For scientists, finding agreement among several lines of evidence brings confidence that an explanation may have some validity. On the other hand, when different lines of evidence lead to opposite conclusions, this suggests that one’s hypothesis needs to be refined or rejected. A classic example of the latter situation comes, ironically, from what has been put forth as one of the strongest evidences for evolution--the wolf to whale hypothesis.
The evolutionary idea is that whales evolved from a terrestrial, wolf-like creature (a mesonychid). For some time, proponents of this idea advanced a series of fossil creatures that, they suggested, showed a series of steps between this mesonychid on one end and a whale on the other. Unfortunately, as scientists examine the morphology of whales, they realize that whales are morphologically more similar to pigs than to wolves. This is problematic in itself, but the situation is worse (for the evolutionist). Molecular information (DNA analysis) is also now available for assessing the wolf to whale story. It turns out that whales have a closer molecular affinity to hippos than to wolves.
Were* the wolf to whale hypothesis a valid explanation (for the origin of whales), one would expect to find agreement among the fossil evidence, the morphological evidence, and the molecular evidence. Instead, each line of evidence leads to a different conclusion, which argues against the validity of this particular story (best evidence though it may be for evolution).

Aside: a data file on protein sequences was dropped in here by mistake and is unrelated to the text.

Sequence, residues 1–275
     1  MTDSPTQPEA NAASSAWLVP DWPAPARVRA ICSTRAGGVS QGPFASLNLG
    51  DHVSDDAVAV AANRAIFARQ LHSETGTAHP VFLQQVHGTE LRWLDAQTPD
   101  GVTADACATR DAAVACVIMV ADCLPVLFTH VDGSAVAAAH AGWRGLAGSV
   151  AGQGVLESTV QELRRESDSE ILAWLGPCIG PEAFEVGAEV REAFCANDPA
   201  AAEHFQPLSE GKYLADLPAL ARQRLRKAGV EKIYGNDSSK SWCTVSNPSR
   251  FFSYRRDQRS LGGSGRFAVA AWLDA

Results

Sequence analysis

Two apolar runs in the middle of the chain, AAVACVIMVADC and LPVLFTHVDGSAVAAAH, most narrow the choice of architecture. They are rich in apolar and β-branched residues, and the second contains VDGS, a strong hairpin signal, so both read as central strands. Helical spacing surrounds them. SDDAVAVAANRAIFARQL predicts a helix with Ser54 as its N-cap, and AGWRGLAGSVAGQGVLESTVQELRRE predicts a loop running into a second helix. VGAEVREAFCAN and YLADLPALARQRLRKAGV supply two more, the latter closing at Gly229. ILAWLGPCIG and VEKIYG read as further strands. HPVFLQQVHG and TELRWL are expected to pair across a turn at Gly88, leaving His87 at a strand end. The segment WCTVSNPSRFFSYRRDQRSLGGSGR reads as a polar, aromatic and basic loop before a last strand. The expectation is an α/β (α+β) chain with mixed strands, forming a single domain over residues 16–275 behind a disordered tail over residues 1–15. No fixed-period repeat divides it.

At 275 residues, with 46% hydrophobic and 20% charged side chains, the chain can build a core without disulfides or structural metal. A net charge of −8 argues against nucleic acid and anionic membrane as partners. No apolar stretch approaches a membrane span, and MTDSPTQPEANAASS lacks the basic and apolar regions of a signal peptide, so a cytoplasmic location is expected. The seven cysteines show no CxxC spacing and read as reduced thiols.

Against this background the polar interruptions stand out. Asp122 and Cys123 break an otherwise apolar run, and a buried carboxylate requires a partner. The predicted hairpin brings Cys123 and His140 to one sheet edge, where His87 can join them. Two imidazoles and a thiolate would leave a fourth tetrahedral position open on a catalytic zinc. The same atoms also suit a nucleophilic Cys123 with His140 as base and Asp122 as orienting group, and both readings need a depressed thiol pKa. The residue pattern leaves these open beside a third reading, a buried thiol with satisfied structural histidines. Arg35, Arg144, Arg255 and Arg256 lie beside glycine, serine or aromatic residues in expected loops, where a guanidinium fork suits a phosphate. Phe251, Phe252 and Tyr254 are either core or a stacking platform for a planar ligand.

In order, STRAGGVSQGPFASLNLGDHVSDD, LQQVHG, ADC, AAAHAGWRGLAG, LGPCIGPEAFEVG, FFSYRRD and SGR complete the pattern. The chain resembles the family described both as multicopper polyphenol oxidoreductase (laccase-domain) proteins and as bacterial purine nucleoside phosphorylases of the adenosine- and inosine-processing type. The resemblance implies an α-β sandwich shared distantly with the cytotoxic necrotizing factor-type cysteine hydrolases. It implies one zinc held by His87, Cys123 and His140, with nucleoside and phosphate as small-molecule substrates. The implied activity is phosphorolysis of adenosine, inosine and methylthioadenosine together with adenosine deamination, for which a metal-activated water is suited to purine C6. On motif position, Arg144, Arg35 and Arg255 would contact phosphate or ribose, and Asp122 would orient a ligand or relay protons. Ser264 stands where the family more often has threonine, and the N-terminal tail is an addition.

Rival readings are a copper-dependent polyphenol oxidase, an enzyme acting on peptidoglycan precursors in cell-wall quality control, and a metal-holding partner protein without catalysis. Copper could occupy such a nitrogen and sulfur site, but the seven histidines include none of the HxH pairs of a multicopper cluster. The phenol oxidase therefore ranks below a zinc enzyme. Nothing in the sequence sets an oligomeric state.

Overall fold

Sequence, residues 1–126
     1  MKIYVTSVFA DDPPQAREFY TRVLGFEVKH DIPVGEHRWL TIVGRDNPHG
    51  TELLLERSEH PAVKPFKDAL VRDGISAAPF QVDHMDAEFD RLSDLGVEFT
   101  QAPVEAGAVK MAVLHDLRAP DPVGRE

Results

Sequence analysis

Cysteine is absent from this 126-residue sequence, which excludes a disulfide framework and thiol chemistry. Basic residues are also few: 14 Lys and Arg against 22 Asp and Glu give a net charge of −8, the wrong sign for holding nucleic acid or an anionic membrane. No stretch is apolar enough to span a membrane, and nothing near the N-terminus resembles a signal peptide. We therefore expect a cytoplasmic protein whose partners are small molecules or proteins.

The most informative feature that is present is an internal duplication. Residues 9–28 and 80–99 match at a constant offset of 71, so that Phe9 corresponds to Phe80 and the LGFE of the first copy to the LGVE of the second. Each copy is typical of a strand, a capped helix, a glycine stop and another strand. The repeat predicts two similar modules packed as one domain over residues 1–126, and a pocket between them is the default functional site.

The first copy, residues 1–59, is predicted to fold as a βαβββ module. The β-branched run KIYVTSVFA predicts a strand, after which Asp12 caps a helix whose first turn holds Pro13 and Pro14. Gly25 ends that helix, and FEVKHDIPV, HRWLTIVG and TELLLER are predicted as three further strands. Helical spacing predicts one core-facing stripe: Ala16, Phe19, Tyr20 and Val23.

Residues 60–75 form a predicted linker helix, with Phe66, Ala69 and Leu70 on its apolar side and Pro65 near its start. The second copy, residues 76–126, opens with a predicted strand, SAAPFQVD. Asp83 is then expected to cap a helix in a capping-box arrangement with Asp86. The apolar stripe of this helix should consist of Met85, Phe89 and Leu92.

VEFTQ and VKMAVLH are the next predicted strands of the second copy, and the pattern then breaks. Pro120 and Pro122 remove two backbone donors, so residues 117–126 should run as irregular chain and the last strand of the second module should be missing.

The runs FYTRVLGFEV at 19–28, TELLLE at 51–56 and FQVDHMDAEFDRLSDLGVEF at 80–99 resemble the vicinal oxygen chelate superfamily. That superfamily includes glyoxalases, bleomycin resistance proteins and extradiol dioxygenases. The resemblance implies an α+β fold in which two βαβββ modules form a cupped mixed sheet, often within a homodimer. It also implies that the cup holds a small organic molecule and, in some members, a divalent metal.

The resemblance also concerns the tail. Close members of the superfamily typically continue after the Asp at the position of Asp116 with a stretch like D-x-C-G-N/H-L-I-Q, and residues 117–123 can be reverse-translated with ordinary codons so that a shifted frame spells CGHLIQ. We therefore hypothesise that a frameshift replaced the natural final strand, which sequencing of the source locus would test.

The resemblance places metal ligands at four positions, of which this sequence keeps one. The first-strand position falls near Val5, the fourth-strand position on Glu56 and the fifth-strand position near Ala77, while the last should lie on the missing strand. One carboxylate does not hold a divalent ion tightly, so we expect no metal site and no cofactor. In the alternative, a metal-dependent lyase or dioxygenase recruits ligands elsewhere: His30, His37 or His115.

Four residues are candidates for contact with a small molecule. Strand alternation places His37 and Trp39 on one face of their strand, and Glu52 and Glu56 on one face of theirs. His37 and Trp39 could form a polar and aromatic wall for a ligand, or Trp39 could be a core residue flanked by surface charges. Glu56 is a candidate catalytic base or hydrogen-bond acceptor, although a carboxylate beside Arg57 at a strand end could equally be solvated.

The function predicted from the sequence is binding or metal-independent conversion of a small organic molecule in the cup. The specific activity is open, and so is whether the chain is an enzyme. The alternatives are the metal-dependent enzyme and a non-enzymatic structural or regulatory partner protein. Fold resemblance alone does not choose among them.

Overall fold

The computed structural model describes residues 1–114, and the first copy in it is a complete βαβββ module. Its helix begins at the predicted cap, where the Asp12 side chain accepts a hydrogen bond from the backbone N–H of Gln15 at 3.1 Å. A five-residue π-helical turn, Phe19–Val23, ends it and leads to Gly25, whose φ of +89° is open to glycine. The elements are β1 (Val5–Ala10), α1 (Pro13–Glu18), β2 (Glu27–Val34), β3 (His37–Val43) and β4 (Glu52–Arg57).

* (“Were” is here used as the past subjunctive form of “to be” and should not be confused with the archaic word for “man” that, when combined with “wolf,” describes a mythological creature capable of transforming from a man to a wolf and back. This author will, however, allow the reader to draw his own conclusions about whether an inadvertent juxtaposition of these two concepts--werewolves and the wolf-to-whale hypothesis--is, after all, appropriate.)